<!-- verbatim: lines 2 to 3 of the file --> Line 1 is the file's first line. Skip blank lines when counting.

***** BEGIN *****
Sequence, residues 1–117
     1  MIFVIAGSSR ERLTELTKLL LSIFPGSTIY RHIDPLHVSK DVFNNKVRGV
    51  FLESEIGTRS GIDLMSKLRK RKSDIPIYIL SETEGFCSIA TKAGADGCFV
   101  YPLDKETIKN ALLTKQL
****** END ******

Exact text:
     1  MIFVIAGSSR ERLTELTKLL LSIFPGSTIY RHIDPLHVSK DVFNNKVRGV
    51  FLESEIGTRS GIDLMSKLRK RKSDIPIYIL SETEGFCSIA TKAGADGCFV